History of Hawaiian Holoku


Linda Boynton Arthur, PhD
Professor and Curator
Apparel Merchandising, Design & Textiles
Washington State University


Fossilized fashion, a phenomenon whereby a fashion remains constant long after becoming outmoded, has primarily been found in sectarian societies. Other cases of fossilized fashion have been attributed to a group's separation from mainstream society. However, neither of these explanations is relevant to the case of the holoku-, a garment which has become fossilized due to cultural factors.

The holoku- has been worn in Hawai'i since the 1820s; since then it has been definitive of Hawaiian ethnicity. A long sleeved, yoked, loose- fitting floor-length dress without a waistline, the holoku- today is nearly identical to the original design and is worn primarily for formal occasions. Edwardian style details, popular during the zenith of the Hawaiian kingdom, continue to characterize holoku- design. Old Hawai'i came to an end with the overthrow of the monarchy in 1893; the cultural tension from this event has never been resolved, and visual reminders of Old Hawai'i continue to be used to show kinship with the failed monarchy. The holoku- is one such reminder.

Associated with Hawai'ian culture, ethnicity and tradition for 175 years, the holoku- expresses reverence for Old Hawai'i by steadfastly clinging to the styles popular when the Hawaiian kingdom reigned supreme. The holoku- continues to be worn to the present day, virtually unchanged for the past century. As a fossilized fashion, the holoku- highlights the importance of cultural factors with regard to understanding fashion change. Key words: holoku, Hawai'i, fossilized fashion, ethnicity.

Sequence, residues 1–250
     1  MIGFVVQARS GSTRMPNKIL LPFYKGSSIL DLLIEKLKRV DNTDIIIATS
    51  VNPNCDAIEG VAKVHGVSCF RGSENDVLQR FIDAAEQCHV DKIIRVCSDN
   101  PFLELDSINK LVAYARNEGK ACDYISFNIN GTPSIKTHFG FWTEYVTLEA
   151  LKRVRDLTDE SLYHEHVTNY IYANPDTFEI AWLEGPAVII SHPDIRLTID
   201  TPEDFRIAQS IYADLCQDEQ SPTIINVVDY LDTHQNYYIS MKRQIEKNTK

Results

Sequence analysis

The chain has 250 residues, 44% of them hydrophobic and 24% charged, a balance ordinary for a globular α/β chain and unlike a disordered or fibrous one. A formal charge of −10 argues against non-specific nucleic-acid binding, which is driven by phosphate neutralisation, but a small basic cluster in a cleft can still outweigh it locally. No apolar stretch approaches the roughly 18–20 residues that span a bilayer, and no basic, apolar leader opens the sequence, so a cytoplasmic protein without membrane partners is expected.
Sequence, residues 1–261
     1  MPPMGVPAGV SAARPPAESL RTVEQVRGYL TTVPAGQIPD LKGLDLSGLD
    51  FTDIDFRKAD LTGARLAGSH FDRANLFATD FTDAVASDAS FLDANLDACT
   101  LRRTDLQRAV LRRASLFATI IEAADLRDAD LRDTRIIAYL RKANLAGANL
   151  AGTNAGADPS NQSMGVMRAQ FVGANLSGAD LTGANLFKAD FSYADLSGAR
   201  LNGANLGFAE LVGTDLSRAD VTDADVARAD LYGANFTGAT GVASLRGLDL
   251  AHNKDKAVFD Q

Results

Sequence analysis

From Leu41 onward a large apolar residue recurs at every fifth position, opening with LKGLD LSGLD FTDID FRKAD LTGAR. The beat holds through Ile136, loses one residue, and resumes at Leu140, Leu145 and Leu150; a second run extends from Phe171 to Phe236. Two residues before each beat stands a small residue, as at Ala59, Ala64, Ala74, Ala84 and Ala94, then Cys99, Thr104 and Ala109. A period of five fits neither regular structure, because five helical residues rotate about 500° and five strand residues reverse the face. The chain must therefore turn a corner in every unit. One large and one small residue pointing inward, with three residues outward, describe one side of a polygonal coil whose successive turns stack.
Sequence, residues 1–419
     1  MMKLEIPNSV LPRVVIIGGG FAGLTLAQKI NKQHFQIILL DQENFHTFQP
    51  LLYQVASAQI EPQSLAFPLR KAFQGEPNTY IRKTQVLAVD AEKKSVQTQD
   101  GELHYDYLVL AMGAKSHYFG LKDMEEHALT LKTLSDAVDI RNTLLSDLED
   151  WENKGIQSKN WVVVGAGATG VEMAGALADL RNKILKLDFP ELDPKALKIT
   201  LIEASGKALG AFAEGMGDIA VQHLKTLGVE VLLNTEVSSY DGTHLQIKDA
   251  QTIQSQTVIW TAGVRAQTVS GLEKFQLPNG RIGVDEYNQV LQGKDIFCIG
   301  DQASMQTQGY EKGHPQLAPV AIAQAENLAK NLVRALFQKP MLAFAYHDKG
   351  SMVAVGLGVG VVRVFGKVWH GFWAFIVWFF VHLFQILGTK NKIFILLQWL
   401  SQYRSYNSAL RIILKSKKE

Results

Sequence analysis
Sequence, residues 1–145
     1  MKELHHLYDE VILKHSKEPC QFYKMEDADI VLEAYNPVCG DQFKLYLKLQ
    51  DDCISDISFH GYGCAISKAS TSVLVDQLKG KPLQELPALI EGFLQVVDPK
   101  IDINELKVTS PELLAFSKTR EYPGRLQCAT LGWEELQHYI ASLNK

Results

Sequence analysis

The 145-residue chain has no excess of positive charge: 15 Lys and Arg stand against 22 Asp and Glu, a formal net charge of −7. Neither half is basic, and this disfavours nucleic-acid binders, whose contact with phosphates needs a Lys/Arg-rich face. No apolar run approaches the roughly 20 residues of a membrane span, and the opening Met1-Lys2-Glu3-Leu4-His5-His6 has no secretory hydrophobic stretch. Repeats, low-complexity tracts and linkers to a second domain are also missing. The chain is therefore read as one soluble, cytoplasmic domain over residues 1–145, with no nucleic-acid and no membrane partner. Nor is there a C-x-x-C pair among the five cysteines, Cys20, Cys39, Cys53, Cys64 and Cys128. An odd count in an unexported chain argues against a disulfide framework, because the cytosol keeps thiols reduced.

The Hawaiian holoku- originated in 1820 as an adaptation of an American day gown; in its introduction, the holoku- was accompanied by a chemise referred to as the mu'umu'u. First adopted by Hawaiian queens, other Hawaiian women soon wore the holoku-. The contemporary holoku- is a long formal gown with a train; it is definitive of Hawaiian ethnicity. Both garments continue to be very important in Hawai’i. While the mu'umu'u is regarded by those from outside the islands as Hawaiian dress, the lesser known holoku- is more closely associated with Hawaiian ethnicity although it is virtually unknown outside of Hawai’i. Once worn by Hawaiian women as everyday wear, the holoku- is now formal wear worn for ritual events related to Hawaiian ethnicity.

In this paper, I discuss the emergence of the holoku- in 1820 to its synthesis of design details at the height of the Hawaiian monarchy, to it's contemporary use today. In doing so, I show that the holoku- became ethnic Hawaiian dress, reached its zenith in design evolution at the turn of the century and that this turn of the century dress has become fossilized fashion due to cultural factors.


As part of a larger study on the origins of aloha attire, I conducted historical research from 1993 to 1996. Research began with a review of secondary sources on Hawaiian history and dress. I found only two academic articles (Arthur, 1997; Furer, 1983) and one thesis (Stewart, 1977) and one monograph (Fundaburke, 1965) on Hawaiian Clothing and the apparel industry, and several newspaper and magazine articles. Mens Hawaiian shirts however, have received much attention as a pop-culture phenomenon and collectible. Notable books on the aloha shirt include those by Steele (1984), Schiffer (1997) and World Photo Press (1997).